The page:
Today would be my father’s 68th birthday. He passed away from cancer 3 years ago. It is always a weird day for me. A reminder of his passing and a reminder of a relationship that was complicated at best.
Growing up, he toured the country in a production of Music Man. He was on Broadway in Lionel Bart’s Oliver! that featured Davy Jones of later Monkees fame. Through that he appeared with fellow cast members on a historic episode of The Ed Sullivan Show. Also appearing that night for the first time? The Beatles. Since his passing, I have found old letters from all genders and age ranges writing him about being on Broadway. I found contracts from appearing in commercials. He was a showman from a young age.
His love of show tunes. His love of dance. Until his health failed him, he taught adult education tap dance at a school. I spent many nights during my Thanksgiving breaks locked in a school cafeteria, attempting to do homework, while he taught a ragtag group of mostly senior citizens how to tap dance. All of them constantly telling me how much I looked like him, and asking if I had his moves. I did and still to this day do not.
He wasn’t physically a large man, but his personality was larger than life. I took him to visit his coworkers in the last months of his life. We had just a day earlier learned treatments stopped working, and the end was fast approaching. I stood 4 inches taller, 35 years younger and healthy. He filled the hallways of the Senior Center. Half his face was numb, an eye no longer opened due to tumors pressing on nerves. He openly told people his condition, but quickly followed it up with “I guess you could truly say I am a numbskull.”.
He was a showman until the end.
My father was prone to depression. I didn’t know it at the time, and he never admitted it, but one of my mother’s biggest issues with him was his tendency to lock himself in his room and lay in bed. Growing up she always told me not to adopt his habit of laziness. Now that I’m in my thirties, and have a knack for laying in bed for hours after work, and speaking to a therapist, I’m aware its more than being lazy.
The other issue my mother (and the rest of us) had about him was his temper. You never knew what would set him off. Invectives and objects would be thrown around a room with reckless abandon. Once, his computer didn’t respond the way he desired, and he was on the ground throwing a tantrum like a toddler. There were unaddressed issues.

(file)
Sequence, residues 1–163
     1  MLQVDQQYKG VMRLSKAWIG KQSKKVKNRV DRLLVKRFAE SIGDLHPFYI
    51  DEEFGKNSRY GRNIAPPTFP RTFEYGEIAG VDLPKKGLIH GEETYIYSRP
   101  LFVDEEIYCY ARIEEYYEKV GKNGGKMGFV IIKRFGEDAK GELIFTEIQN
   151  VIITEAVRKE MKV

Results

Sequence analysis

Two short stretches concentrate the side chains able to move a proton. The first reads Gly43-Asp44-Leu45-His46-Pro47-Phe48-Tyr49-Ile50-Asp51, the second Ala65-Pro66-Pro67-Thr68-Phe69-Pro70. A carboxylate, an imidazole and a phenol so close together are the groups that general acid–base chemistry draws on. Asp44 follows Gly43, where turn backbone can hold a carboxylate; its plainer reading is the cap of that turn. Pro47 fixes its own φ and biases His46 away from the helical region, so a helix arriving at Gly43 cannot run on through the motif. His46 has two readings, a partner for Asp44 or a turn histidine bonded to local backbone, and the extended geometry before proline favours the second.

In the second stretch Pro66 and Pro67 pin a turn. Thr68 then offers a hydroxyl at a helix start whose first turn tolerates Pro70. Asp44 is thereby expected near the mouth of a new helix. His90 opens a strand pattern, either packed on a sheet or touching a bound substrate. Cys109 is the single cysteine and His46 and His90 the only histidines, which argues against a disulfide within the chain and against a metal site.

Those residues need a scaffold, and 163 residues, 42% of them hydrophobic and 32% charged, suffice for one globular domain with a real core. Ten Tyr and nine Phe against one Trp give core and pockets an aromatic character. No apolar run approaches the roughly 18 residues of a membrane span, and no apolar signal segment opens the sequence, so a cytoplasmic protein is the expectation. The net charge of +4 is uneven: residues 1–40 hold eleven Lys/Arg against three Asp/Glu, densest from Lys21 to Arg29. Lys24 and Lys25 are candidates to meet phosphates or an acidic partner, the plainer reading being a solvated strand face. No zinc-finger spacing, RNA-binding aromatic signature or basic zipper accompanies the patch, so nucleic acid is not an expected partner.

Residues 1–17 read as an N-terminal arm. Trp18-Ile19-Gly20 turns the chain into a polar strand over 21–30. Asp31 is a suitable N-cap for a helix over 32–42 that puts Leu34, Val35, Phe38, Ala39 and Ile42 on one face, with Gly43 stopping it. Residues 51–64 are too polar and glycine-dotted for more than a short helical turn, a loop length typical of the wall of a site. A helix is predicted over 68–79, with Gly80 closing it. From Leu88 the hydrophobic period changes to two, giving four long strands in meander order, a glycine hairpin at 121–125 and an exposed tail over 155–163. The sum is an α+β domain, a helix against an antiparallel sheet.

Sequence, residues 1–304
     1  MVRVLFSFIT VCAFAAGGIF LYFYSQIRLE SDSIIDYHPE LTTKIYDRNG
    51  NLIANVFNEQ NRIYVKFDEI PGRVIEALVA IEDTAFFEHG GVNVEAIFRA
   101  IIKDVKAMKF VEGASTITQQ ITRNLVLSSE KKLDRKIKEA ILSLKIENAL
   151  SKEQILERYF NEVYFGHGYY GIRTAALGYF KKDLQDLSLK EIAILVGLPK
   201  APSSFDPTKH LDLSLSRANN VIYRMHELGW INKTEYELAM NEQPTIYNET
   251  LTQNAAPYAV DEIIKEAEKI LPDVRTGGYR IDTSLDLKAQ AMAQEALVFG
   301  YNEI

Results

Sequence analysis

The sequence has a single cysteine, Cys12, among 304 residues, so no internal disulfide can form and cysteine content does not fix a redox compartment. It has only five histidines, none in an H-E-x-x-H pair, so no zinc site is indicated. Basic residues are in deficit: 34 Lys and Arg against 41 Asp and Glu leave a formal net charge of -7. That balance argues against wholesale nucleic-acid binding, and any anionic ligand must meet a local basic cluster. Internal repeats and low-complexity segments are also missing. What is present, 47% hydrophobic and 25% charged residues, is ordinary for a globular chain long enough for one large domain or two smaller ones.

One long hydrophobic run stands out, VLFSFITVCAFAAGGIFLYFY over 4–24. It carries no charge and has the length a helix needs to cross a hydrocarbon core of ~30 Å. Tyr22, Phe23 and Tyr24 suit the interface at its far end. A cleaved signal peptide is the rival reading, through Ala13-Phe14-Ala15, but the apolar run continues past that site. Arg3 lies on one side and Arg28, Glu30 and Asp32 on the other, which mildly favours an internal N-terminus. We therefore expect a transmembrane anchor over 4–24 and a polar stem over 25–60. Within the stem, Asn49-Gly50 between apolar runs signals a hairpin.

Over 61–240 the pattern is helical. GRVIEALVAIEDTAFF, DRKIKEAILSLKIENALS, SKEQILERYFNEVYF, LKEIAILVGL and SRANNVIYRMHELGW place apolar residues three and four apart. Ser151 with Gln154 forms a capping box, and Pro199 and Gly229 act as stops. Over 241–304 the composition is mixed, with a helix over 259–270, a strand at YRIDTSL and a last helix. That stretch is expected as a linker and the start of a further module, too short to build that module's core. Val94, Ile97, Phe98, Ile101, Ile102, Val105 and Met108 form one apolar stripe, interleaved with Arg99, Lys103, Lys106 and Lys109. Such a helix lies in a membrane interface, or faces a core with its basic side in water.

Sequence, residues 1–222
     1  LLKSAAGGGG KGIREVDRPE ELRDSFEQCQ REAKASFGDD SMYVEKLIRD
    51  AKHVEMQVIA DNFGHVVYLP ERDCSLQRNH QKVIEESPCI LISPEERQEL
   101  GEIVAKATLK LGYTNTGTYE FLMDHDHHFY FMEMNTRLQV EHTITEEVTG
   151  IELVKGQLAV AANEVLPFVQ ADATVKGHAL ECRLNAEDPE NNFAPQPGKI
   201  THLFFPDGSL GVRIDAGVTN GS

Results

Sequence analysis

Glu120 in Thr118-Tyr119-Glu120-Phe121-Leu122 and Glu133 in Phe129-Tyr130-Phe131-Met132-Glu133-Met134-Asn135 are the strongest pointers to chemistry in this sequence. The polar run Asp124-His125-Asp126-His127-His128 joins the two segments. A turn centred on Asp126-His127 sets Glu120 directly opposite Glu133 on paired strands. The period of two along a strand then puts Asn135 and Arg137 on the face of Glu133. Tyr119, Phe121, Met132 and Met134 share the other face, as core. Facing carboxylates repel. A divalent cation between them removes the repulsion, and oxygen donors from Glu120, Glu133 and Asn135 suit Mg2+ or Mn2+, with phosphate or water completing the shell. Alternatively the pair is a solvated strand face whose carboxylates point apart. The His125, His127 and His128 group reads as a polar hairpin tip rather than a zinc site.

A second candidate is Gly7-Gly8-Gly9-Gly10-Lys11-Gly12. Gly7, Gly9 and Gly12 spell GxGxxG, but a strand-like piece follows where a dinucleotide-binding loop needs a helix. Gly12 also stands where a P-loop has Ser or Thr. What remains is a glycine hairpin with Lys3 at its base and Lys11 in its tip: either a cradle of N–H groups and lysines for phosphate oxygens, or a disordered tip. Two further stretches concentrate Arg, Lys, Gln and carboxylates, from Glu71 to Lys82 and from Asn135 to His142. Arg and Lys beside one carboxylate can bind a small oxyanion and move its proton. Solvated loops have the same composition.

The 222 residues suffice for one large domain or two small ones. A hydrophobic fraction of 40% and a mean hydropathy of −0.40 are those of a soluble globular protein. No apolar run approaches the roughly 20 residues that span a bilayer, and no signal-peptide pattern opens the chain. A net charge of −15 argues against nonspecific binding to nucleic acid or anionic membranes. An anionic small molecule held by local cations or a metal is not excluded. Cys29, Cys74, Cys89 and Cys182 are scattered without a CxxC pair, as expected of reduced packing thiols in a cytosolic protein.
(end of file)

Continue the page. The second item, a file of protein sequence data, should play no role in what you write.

The divorce from my mother exacerbated these issues. Our first weekends with him were spent laying on his bed while he cried and repeatedly told us it was our mother’s fault. He would continually tell my sister and I that he loved us. On the way to be dropped back off at our mother’s he’d ask if we had a good time every 6 minutes or so.
He was a complicated man. He had a tempest of emotions I assume he never really learned how to express. Growing up, he coached my soccer teams despite never knowing the sport. He never missed a child support payment, nor a weekend with us. He took me on trips to Gettysburg, Toronto, Washington DC, and others. He bought me books and cds. He, on the surface, was a decent father. We just never connected.
When I moved to Florida, we would alternate Sundays to call the other. The conversations were always the same. He’d ask about the weather, maybe a little about school, a few I love and miss you’s and we’d hang up.
My late teens and early twenties were a complicated time emotionally for me. I reached out to him in my way, and I don’t think he was able to understand and responded in a way he usually would. It hurt me deeper than I admitted at the time. We started to drift apart and before I knew it, the distance was greater than just New York and Florida. It wasn’t until I received a message saying the cancer was getting worse and he was emotionally beaten. Maybe a phone call from me would help lift him back up. I chewed on that for a couple of days. Was it possible to bridge this gap? Could I let go of a pit of hurt? Yes and no. I called him. Weekly. The hurt of the past was never addressed, in fact, it only increased as events unfolded, but relationships, especially familial ones, are never quite black and white. I know my father loved me. I also know there were things in his head that would not let him reach beyond himself and give me the emotional connections I needed from him.
With his passing, I won’t ever get the answers to some of my questions, and I wrestle with them in my head often, but I’ve come to accept him for who he was. I can sit here and thank him for my sense of humor and for that small creative spark inside my head. I can thank him for doing his best, and I can thank him for giving me a mirror of my shortcomings that I need to address so I don’t repeat his mistakes.
Happy Birthday, Old man.